Homeless veteran home

The former location for troubled young men, The Journey Home at 210 S. Washington Ave. in Kankakee, is being considered as a 14-unit apartment facility for Kankakee County homeless veterans.

KANKAKEE — A South Washington Avenue property, which was most recently a residence for troubled youth, is being eyed as a possible location for a 14-unit apartment facility for homeless military veterans — primarily those from Kankakee County.

The Kankakee Planning Board, by a 7-0 vote last week, approved a conditional use permit for a group community residence which would allow the Kankakee County Housing Authority-managed property to operate in the site which had also been the longtime location for the Senesac Funeral Home & Cremations, 210 S. Washington Ave.

Currently owned by Neighborhood Redevelopment LLC, which is directed by managing partner Jeff Bennett of Limestone, the 5th Ward property has been vacant for more than a year.

After Senecac Funeral Home closed, the location became the site of the halfway house called The Journey Home, a leased location of the Nexus-Indian Oaks Academy, where 20 young men who were advancing out of the academy’s program could live and work.

The Journey Home was opened in May 2013.


According to Eric Hanson, an attorney representing the Kankakee County Housing Authority, said the KCHA has submitted a $3.5 million application to the Illinois Housing Development Authority to rehab the property and provide some operating funds.

A decision on the IHDA application is expected within 30 to 60 days.

The site would be for military men and women. Each efficiency unit would be about 250 square feet and include a kitchenette.

While no exact figures were presented, the rehab budget for the two-story property was targeted at about $1.5 million.

If all goes as planned, the KCHA would close on the property in the spring 2022 and have an eight-month rehab timeline for the property. The goal would be to have the property ready for occupants by the end of 2022.

How extensive the issue is for homeless or displaced veterans is in Kankakee County is somewhat unknown. Officials noted there are at least eight to 12 homeless vets, but that number is far from official as most people dealing with homelessness often do not make themselves known.

Doug Jones, KCHA board chairman, said veterans are always prioritized on the agency’s waiting list, but having a location dedicated to veterans has long been a goal.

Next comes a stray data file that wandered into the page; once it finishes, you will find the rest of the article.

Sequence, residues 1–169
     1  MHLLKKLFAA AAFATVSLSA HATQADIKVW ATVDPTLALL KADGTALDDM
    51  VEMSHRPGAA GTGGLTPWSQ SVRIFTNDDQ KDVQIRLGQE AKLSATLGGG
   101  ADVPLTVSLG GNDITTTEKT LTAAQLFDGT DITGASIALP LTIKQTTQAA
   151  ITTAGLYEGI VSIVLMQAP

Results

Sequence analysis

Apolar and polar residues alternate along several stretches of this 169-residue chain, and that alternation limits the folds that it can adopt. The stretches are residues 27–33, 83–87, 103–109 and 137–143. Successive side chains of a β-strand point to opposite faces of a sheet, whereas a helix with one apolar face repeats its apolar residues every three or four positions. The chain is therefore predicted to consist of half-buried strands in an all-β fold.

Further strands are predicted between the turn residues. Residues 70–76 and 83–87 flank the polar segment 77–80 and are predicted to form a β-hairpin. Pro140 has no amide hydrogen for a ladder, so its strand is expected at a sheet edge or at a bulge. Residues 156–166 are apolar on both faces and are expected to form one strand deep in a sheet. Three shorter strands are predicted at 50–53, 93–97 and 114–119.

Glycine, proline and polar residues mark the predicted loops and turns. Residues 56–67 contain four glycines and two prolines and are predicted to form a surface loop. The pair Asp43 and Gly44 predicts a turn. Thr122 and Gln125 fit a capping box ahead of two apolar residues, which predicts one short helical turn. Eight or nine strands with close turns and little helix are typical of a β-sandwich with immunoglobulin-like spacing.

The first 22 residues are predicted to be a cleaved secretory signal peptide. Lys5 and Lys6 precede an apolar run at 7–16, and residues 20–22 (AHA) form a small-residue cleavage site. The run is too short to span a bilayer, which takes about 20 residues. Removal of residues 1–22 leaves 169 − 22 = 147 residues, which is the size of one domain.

“This is an opportunity. It just seems like a great way to serve our veterans,” Jones said. “This just feels like the right thing to do.”

The goal of this housing program is to help get struggling veterans back onto their feet, Jones said. During the presentation to the planning board, Hanson noted there is no timeline as to how long a veteran can call the location home.

To be eligible to stay at the home, the veteran must be income restricted. The income guideline states they cannot be earning more than 30 percent of the area’s median income, in this case that would equate to yearly income of less than $15,000.


While all those making comment during the discussion extended thanks to veterans for their service, there were many concerns as to whether the South Washington property was the proper location.

There were eight Kankakee City Council members present for the hearing.

Kankakee 3rd Ward Alderman David Crawford asked, “Is this the project we want in the downtown area, yes or no? I don’t know. We really need to think what we are doing here.”

The city is looking to somewhat expand its downtown footprint and development is moving outward of it. The concern is whether a project like this will discourage private investment.

Some council members noted that homelessness of veterans is a countywide issue. And because it is an issue for all of Kankakee County, could the home be located elsewhere?

Hanson said constructing a new residence would be far more expensive than rehabbing this site.

“Right now, it’s a vacant building,” he said, adding that if it remained that way it could lead to other issues.

“Kankakee can have redevelopment in its downtown and this fantastic project. These two things do not need to be mutually exclusive,” Hanson said.

He also noted the veterans would become part of the neighborhood and likely find work in nearby businesses, which are struggling to find workers.

Jones said this issue does not need to be an “either-or” choice.

“We can coexist,” he said. “We want to be good neighbors.”

Lee Provost, an award-winning reporter, has been writing local news stories for The Daily Journal since 1988. He is a lifelong resident of the region. Provost can be reached at lprovost@daily-journal.com.